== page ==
Why is the retail chain the last to know when it’s been compromised?

It’s a new week, and that means it’s time for the data breach du jour. The “winner” this week is Staples. What is most concerning, though, with this Staples incident as well as a number of other recent credit card data breaches, is that Staples seems to be the last to know. It seems reasonable to expect major retail chains to have the necessary security controls in place to detect and identify malicious or suspicious activity proactively. By the time the banks are reporting fraudulent activity on compromised cards, the proverbial horse has already left the barn.

I wrote about the alleged breach of Staples in this blog post:

There are reports emerging that yet another major retail chain may be the victim of a credit card data breach. The worst part about the news that Staples may have been compromised, though, is that the news is coming third-hand from card providers observing fraudulent activity rather than from Staples itself. Why does it seem like the affected business is always the last to know?

Brian Krebs wrote yesterday on the Krebs on Security blog that a number of banks have identified a pattern of fraudulent credit and debit card activity that appears to point back to Staples outlets in the northeastern United States. It’s news to Staples, though, which is now apparently investigating the issue.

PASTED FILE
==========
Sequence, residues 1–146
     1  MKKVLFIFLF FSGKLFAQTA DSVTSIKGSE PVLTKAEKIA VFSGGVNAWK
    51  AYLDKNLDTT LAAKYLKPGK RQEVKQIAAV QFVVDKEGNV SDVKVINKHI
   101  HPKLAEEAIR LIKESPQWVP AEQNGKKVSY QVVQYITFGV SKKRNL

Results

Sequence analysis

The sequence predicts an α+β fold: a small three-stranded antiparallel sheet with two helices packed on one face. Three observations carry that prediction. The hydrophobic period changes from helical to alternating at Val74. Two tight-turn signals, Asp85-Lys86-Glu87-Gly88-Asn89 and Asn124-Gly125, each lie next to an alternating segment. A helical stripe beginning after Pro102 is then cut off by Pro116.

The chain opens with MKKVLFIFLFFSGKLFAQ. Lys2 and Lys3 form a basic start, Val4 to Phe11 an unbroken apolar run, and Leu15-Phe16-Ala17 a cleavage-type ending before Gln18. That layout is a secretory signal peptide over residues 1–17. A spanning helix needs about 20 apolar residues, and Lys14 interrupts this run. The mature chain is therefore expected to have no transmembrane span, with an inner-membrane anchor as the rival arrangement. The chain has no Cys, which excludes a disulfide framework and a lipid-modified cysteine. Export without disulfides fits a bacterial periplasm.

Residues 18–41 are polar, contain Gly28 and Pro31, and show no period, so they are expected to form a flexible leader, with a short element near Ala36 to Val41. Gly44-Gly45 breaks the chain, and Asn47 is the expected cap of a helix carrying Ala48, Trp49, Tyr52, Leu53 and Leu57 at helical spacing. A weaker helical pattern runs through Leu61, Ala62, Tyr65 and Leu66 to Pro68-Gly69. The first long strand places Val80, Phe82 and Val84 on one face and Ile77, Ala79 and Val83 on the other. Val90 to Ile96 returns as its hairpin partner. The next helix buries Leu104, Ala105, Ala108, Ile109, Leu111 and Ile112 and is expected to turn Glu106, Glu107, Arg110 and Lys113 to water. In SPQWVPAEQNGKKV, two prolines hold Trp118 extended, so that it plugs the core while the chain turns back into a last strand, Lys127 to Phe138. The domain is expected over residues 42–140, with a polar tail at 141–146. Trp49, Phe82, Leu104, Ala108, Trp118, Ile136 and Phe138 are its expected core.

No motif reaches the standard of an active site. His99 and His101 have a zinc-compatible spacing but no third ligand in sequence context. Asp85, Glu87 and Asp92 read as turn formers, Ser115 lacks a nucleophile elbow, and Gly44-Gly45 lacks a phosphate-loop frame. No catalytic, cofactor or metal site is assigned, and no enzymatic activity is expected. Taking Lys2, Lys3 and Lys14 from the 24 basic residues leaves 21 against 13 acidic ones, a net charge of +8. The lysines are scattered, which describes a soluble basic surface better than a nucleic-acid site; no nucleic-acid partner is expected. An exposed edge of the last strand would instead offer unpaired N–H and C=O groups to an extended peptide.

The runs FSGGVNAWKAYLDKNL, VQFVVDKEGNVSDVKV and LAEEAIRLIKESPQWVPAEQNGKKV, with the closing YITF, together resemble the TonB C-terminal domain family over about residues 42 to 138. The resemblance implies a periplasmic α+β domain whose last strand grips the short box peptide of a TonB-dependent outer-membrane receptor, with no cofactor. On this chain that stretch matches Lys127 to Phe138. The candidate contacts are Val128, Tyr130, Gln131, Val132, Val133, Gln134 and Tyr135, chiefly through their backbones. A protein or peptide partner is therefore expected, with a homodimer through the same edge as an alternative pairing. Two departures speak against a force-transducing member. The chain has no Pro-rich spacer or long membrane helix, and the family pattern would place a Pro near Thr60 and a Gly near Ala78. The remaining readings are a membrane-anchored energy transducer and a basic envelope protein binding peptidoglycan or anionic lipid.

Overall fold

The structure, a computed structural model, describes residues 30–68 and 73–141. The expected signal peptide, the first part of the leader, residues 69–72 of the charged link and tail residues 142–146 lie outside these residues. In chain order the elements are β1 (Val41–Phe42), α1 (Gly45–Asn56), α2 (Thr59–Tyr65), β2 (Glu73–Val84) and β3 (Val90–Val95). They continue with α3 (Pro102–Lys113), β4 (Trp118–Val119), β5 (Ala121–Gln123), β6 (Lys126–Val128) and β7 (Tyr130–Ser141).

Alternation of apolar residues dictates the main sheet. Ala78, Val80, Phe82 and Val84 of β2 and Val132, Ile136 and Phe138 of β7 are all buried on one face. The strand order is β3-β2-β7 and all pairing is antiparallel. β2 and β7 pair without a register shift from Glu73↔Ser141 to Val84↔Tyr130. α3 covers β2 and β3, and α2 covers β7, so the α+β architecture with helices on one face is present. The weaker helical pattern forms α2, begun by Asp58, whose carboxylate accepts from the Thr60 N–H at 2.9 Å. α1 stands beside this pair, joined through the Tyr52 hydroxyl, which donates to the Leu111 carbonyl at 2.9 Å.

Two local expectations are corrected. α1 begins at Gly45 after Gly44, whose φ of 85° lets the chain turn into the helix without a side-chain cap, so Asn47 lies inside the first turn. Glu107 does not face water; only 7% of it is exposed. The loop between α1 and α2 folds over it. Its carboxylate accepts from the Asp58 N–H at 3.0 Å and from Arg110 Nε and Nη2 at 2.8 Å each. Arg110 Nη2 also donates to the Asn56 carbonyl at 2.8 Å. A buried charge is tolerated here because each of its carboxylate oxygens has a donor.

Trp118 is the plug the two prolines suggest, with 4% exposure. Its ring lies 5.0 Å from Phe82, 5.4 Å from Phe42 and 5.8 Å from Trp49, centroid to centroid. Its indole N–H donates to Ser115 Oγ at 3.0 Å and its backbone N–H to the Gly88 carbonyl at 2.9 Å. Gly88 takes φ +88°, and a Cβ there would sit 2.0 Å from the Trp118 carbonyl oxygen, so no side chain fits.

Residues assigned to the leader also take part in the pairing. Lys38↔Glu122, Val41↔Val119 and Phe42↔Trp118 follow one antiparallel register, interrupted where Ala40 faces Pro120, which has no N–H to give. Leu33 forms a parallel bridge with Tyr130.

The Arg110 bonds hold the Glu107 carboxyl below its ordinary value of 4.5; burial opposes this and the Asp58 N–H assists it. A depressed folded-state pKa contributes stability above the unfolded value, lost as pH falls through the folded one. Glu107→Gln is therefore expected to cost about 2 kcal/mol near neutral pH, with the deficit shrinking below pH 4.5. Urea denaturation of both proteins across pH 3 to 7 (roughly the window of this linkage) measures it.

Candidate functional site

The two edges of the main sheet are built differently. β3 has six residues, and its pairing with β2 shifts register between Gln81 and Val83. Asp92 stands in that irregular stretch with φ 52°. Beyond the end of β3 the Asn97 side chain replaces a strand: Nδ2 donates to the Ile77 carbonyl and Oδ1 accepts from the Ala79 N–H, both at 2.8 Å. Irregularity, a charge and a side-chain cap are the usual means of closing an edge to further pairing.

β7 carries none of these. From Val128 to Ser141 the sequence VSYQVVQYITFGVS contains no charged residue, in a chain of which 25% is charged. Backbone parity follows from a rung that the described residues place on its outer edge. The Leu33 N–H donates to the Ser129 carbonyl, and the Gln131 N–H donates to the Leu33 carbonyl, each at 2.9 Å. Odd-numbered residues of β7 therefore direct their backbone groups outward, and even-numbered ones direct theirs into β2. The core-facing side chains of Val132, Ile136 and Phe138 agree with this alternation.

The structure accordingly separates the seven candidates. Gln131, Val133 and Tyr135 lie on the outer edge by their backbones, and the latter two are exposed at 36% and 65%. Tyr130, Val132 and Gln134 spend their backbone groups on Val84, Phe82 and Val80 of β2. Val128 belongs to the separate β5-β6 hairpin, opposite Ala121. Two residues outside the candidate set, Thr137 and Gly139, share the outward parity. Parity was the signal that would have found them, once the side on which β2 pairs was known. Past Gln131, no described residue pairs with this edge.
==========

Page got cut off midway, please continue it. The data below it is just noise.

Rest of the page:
“The identification of breaches through fraudulent activity is like finding out your house was burglarized by seeing your TV in the pawn shop window,” exclaimed Tim Erlin, director of IT risk and security strategy for Tripwire. “If this pattern in retail breaches isn’t familiar to you by now, you haven’t been paying attention.”

Krebs shared a quote from Mark Cautela, senior public relations manager for Stapes, explaining, “We take the protection of customer information very seriously, and are working to resolve the situation. If Staples discovers an issue, it is important to note that customers are not responsible for any fraudulent activity on their credit cards that is reported on [in] a timely basis.”

To be fair, the evidence against Staples is circumstantial, and it is reasonable for Staples to investigate to determine the veracity of the reports before commenting or responding further. History suggests, however, that the reports are likely accurate, which then begs the question, “Why does Staples need third-party financial institutions to let it know after the fact that its network has been compromised?”

Read the full post on CSOOnline.com: Fraudulent activity is first hint of a data breach.

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